The best high-yielding corporate bonds

Professional investor James Foster picks three high-yielding corporate bonds to buy now

Each week, a professional investor tells MoneyWeek where he'd put his money now. This week:James Foster, co-manager of the Artemis Monthly Distribution Fund.

This summer's news bulletins have been dominated by the shambles in Greece rather than discussions about interest rates. It's understandable. The Delphic comments of central bankers cannot hope to compete with the drama of all-night meetings and high-level political horse-trading in Brussels. Yet the relatively small size of the Greek economy means that, whatever solution the eurozone eventually stumbles upon, its real significance will be political rather than economic. Globally, the more pressing question remains when and at what pace rates will rise. Although the first rate rise by the US Federal Reserve is already "in the price", there is less certainty about the timing of the second and third increases.

This has implications for asset prices globally. The yield curve on government bonds represents the market's best guess as to the future path of short-term interest rates. In turn, government bonds in general and US Treasuries in particular are the asset against which everything else is measured. So, as we saw during the "taper tantrum" in 2013 (when the Federal Reserve began gradually winding down its quantitative-easing programme), changing expectations around monetary policy can provoke extreme volatility.

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So what can investors do? Some degree of diversification seems sensible. The correlation between equities and fixed income has been quite low during many previous interest-rate cycles. We adopt a straightforward approach to spreading our risk, with around 60% in fixed income and 40% in dividend-paying stocks. It sounds simple but it has served the fund well since its launch. But even in a well-diversified portfolio, generating an attractive income without taking unacceptable risks means striking a balance. At one extreme lie the highest-yielding, riskiest bonds. At the other are government bonds, which are reputedly safe but low yielding and (as we saw earlier this year) potentially volatile.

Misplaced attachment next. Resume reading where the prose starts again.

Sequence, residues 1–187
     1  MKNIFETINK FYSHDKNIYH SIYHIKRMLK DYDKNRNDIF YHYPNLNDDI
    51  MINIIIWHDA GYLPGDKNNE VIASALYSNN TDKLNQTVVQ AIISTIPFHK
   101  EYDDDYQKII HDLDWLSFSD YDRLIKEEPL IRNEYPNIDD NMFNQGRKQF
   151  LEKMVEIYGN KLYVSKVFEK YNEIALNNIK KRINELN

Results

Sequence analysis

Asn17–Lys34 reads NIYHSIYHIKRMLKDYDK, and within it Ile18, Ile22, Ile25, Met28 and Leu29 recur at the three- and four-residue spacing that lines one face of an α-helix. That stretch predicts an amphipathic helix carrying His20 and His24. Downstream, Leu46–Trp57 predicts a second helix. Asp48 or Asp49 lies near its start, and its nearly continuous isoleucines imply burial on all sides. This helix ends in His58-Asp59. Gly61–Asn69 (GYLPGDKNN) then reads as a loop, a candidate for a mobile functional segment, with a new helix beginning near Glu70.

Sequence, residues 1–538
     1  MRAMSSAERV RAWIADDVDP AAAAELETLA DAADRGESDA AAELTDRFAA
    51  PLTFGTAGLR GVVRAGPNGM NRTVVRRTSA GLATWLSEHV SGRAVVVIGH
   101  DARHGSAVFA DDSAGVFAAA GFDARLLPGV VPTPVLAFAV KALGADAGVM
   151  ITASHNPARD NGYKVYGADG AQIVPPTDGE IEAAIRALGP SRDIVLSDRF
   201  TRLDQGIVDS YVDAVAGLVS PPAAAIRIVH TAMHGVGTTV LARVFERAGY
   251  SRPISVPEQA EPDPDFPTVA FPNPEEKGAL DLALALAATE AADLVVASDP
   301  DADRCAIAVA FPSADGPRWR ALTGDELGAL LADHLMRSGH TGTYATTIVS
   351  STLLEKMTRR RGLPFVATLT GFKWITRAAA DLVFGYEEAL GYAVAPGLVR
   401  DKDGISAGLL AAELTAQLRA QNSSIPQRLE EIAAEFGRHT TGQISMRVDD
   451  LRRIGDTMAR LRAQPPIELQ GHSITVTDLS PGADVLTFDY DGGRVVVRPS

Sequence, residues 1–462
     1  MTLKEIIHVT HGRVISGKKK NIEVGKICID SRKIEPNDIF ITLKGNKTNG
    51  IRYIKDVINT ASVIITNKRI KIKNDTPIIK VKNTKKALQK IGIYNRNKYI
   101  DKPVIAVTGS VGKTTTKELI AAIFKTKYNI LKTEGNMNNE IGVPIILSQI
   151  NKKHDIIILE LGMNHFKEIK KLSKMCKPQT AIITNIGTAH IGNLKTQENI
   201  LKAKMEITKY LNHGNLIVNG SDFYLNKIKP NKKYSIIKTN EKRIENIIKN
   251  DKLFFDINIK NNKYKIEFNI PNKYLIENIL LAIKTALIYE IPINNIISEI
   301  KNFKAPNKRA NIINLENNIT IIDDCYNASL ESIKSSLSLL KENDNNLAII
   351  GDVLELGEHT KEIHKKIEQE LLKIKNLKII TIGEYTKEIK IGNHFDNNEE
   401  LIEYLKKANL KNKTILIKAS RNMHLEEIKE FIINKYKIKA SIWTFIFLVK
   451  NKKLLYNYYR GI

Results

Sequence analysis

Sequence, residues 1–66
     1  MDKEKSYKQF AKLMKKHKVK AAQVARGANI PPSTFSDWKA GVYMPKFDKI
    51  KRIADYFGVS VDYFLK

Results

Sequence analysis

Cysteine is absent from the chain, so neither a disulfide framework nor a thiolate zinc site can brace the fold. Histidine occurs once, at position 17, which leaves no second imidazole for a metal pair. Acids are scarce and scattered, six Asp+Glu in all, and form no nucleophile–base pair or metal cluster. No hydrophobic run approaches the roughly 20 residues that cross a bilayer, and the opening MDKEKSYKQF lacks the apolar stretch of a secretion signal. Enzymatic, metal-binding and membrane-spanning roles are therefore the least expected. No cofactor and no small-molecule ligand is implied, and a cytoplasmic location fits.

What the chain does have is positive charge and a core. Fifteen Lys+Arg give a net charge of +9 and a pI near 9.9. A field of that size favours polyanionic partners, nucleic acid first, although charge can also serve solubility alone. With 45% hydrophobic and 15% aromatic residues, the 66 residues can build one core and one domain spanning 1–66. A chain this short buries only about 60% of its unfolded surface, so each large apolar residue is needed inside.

Meanwhile, traditionally high-yielding, "safe" equities have enjoyed a significant re-rating over the last five or six years. Their rising share prices mean these companies no longer provide the yield they once did. How are we striking that balance today? Firstly, through a significant allocation to banks. They're hardly popular, but banks aren't the pariahs they once were. They will benefit from higher rates (which help their net interest margins) and are rebuilding their balance sheets. Some even pay dividends, a sign thatthe regulator believes they are in a good financial position. On the bond side we favour Virgin Money, a bank focused on credit cards and mortgages. It has a strong brand and none of its rivals' legacy issues.

We also have significant exposure to high-yield bonds. The yield contributes to our income account, and with yields likely to move higher, they also have the advantage of being less correlated with government bonds than their investment-grade peers (in other words, movements in their prices are less closely tied to movements in government bond prices).Our holdings include the AA. The company operates a duopoly in roadside assistance with the RAC, so it generates dependable revenues, and a refinancing earlier this year reduced its interest costs.

Cinema chain Odeon is another high-yield bond we like.Although highly leveraged, the company's management team is getting to grips with this, and debt levels are falling quite sharply. Blockbuster films will help the fourth quarter of this year will bring both a new James Bond film and the latest instalment in the Star Wars franchise. Cinephiles may demur, but Odeon's bondholders can look forward to the autumn with optimism.